This is a collaborative post.
Tokyo, which was largely influenced by Buddhism is known for having some of the most beautiful temples and shrines in the world. They have their distinct features and therefore, such a visit is well worth it. So, here is a list of must-visit temples and shrines in Tokyo to add to your itinerary! You can book your flights online through Cathay Pacific by clicking on the link.
Meiji Shrine is one of the most beautiful shrines in Tokyo, dedicated to Emperor Meiji and his consort, Empress Shoken. It is easily accessible, a 10-minute walk from the Harajuku Station. It was completed in 1920- eight years of the passing of the emperor but what you see here is not entirely an original structure because it was destroyed during WWII. The vast green space of the shrine premises allows you to walk leisurely, especially in the early mornings. Entry is through the Meiji Jingu Forest which makes it a stroll full of tranquillity. Therefore, you can see young couples and newlyweds taking photographs here. You can also visit the Meiji Jingu Museum, which has the items used by the emperor and empress, the carriage they used and some other valuables that were previously in the Meiji Shrine Complex.
Sensoji Temple is the oldest temple in Tokyo and that reason alone makes it a must-visit temple when you are here. It is easily accessible from Asakusa Station. Sensoji Temple was completed in 645 and there is an interesting story on how it came about. According to the stories of the locals, there had been two brothers who were fishermen, and they had discovered a statue of Kannon who is the goddess of mercy in the waters. They had put back the statue in the water but it always came back to them. So, a decision was made to construct a temple in the name of Goddess Kannon. You will be entering the Sensoji Temple through the Thunder Gate which has a very impressive architectural structure. This is the first gate in the temple and from here, a shopping street known as Nakamise unfolds in front of you until you reach the second gate, Hozomon. From here, you can enter the main temple complex and visit the five-storied pagoda which stands in grandeur.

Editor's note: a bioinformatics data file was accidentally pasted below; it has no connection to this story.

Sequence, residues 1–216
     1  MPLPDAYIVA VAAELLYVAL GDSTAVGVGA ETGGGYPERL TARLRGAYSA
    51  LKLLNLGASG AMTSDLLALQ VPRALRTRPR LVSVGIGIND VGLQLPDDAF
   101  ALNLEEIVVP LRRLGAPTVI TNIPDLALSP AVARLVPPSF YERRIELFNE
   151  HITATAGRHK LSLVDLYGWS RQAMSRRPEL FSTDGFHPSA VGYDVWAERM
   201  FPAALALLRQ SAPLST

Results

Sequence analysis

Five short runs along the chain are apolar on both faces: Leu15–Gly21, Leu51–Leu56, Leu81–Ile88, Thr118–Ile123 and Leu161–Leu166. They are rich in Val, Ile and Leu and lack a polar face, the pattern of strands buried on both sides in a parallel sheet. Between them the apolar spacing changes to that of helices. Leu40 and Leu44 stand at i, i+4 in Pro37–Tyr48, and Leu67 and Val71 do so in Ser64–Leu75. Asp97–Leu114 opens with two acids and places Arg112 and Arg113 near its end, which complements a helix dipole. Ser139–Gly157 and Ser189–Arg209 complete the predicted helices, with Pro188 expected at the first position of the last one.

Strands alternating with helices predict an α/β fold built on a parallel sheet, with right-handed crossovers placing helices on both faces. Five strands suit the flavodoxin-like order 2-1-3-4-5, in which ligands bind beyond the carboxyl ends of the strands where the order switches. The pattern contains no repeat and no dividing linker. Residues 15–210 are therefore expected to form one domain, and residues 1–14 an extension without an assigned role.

Gotokuji Shrine, which is also known as the Temple of the Lucky Cat is another must-visit temple in Tokyo. It is located just a few minutes’ walks from the Miyanosawa Station in Setagaya. As the name suggests, this shrine is considered the birthplace of the Maneki-Neko, or the cats who are responsible for bringing in luck. According to the legendary stories, Ii Naotaka who was caught in a thunderstorm was invited by a cat who was living inside the temple with a paw gesture. After the death of Ii Naotaka, the temple was renamed Gotokuji, and since the cat saving his life was a sign of good fortune, the locals made cat figurines with a beckoning front paw, while naming them as “Maneki-Neko.” Although Japan is famous for both right or left paw rising cat figurines, Gotukuji Shrine takes pride in having right hand pawed lucky cats. You can see hundreds of such cats in the temple, and it a tradition to buy a cat figurine and make a wish. You can either leave it at the temple or take back home and wait to see whether your wish is being fulfilled! If it was fulfilled it is advised to return the lucky cat to the temple and to get blessings.
Yasukuni Shrine is more of a shrine with political significance because it is dedicated to Japan’s war dead. Completed in 1869, the Yasukuni Shrine commemorates the spirits of over 2 million people who lost their lives due to the war trying to restore the peaceful nature of Japan. You can see the names of these people along with the date and place of death in the form of written records at the shrine. It may seem like a historical visit rather than a religious one due to these reasons. However, a stroll in the nearby garden areas is well worth it because many cherry trees are blooming now and then to give a spectacular sight.
Zojoji Temple, located a 10-minute walk away from the Hamamatsucho Station, is the head temple of the Jodo sect of Japanese Buddhism and it is well worth the visit because of the strong connection to the Tokugawa family. The temple was originally built in the year 1393 but was moved to this location by Tokugawa Ieyasu in 1598. Later on, they identified the Zojoji Temple as their family temple. They came into power in Japan in the 17th century and continued to rule it from the Imperial Palace. Therefore, six of the Tokugawa shoguns are buried in the Zojoji Temple premises. You can also visit the museum in the basement of the temple to see the depictions of Tokugawa Mausoleum way before it was destroyed by WWII. These are displayed in the form of video demonstrations and you can also see a model of the buildings that were here before they were destroyed. The only surviving structure from the 17th century of the Zojoji Temple is the gate at the entrance which is known as Sangedatsumon.
Kanda Shrine, which is locally known as Kanda Myojin is a Shinto shrine located close to the Akihabara Station. Although the old temple complex dated back to 730, the Kanda Shrine at the present location dates to the 17th century, when Tokugawa Ieyasu moved it here in the Edo period. Today, thousands of devotees visit this shrine annually to receive blessings for businesses, marriage and good health. There are many statues here including the ones of Daikoku-sama, the god of family happiness, marriage and Taira no Masakado, a Heian period rebellious leader who is responsible for success in new beginnings. If you are here in May, you can see the festival of Kanda Myojin which is known as Kanda Matsuri (this happens every two years), originally held to celebrate Tokugawa Ieyasu’s victory at the Battle of Sekigahara, making it a new dawn for Japan with the Edo Period which lasted till the 1860s.